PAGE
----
"To attribute this condition to a particular level of piety in certain individuals on the one hand, but to seek to explain it via naturalistic processes in cases like Otzi the Iceman on the other, would seem to require no small measure of logical inconsistency" - Isn't Otzi preserved thanks to the ice? The cases that the Eastern Orthodox and Roman Catholics point out are the cases, in which - at least, as they claim - the saints' bodies didn't decay (didn't fully decay) without any such "help" like ice or salt or anything similar to that.
May
11
comment How do Protestants explain the incorruptibility of Catholic and Orthodox saints?
"To apply to a dead body ... the term "incorrupt" is a serious perversion" - They don't mean to say that those not fully decomposed relics of the saints' dead bodies are in the state of that incorruptibility that pertains solely to the resurrected bodies as described in 1 Corinthians 15. They just point out the fact of having unusual cases, in which, unlike in other cases with other dead bodies, some of their saints' bodies don't fully decay. They consider it to be a miracle - just like other miracles - and repetitively say that protestants don't have such miracles.
May
9
comment How do Protestants explain the incorruptibility of Catholic and Orthodox saints?
"its Elisha's bones in the sepulchre, not an uncorrupted body" - In fact, the word "relics" (when speaking about the dead bodies of the dead saints) in the early centuries of Christianity - well, at least, I can say that for the Eastern Christianity - always meant only the bones (perhaps, hair and nails), but never the flesh. They started meaning "not decomposed pieces of flesh or skin" by the word "relic" much much later.
May
9
comment How do Protestants explain the incorruptibility of Catholic and Orthodox saints?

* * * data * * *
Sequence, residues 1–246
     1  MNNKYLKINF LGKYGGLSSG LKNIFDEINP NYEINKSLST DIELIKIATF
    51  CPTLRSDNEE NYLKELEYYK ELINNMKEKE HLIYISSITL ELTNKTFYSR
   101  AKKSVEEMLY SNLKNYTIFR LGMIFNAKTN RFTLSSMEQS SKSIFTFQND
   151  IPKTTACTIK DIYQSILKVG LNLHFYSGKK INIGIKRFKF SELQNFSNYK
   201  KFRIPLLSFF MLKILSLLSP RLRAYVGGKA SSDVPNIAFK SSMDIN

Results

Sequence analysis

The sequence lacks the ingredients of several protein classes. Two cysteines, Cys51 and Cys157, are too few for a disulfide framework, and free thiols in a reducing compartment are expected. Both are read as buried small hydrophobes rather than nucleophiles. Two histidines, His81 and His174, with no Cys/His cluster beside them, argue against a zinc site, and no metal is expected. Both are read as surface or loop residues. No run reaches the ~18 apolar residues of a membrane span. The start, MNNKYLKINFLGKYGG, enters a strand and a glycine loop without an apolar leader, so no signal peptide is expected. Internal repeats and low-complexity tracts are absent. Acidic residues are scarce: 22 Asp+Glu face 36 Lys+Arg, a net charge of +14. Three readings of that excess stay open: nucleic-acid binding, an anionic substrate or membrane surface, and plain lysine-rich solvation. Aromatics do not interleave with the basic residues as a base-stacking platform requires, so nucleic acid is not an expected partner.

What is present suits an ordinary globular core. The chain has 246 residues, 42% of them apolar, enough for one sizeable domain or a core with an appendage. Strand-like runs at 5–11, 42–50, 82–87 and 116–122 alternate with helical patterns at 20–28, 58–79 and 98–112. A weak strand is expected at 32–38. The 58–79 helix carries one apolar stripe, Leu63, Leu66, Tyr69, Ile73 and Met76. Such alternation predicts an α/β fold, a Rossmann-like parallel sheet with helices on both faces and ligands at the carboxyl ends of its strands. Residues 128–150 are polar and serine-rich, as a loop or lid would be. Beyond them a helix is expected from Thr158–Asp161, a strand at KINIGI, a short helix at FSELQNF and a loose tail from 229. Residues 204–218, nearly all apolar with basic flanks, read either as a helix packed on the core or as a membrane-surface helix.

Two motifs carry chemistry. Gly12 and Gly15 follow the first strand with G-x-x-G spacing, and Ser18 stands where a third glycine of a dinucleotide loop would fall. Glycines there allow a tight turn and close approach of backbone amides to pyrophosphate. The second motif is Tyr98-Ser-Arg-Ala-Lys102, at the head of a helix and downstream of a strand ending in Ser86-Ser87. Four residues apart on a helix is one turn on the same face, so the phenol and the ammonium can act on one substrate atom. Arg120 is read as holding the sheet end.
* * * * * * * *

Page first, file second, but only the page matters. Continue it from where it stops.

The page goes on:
"What is the basis of belief in incorruptibility of saints in Eastern Orthodoxy anyway?" - Besides the versus you site, they also quote 2Ki 13:21 saying that any miracle that is present with the dead body of a person is somehow indicative of that person's being close to God or having his service to God during his life course been approved by God.
May
7
comment What do the Apologists mean by three persons as “one in nature” if the Son and Spirit are not eternal?
"I totally believe that there exists an eternal Triad: Father, Son and Spirit" - Then the next step must be all the more easy: only God is eternal - if there is anyone who used to be not existing, then that one is a creature and not God. Now, Bible clearly states many times that there exists only One God. Hence, if Those Three are all eternal, and only God is eternal, and there is only One God, summing up these three prepositions in one syllogism, we come to the conclusion that Those Three are One God. Consequently, their nature is divine, i.e. that of God, not of creation.
May
7
comment What do the Apologists mean by three persons as “one in nature” if the Son and Spirit are not eternal?
"was born" doesn't mean "began to exist". In fact, it's exactly when we talk about the "nature, essence and substance" that we can claim that ALL Three are Eternal, and ALL Three are ONE and the Same God. Being Father, that is, the divine Fatherhood, is neither the essence, nor the substance; being the Son, that is, the divine Sonship, is neither the essence, nor the substance. That's why it is okay to say that Father is distinct from the Son, and the Son is distinct fromthe Father. And why on earth the Spirit is not eternal?! The Bible says clearly that the Spirit is eternal (Heb. 9:14).
May
5
awarded  Custodian
May
5
reviewed Approve suggested edit on How do Protestants explain the incorruptibility of Catholic and Orthodox saints?
May
5
revised How do Protestants explain the incorruptibility of Catholic and Orthodox saints?
added 15 characters in body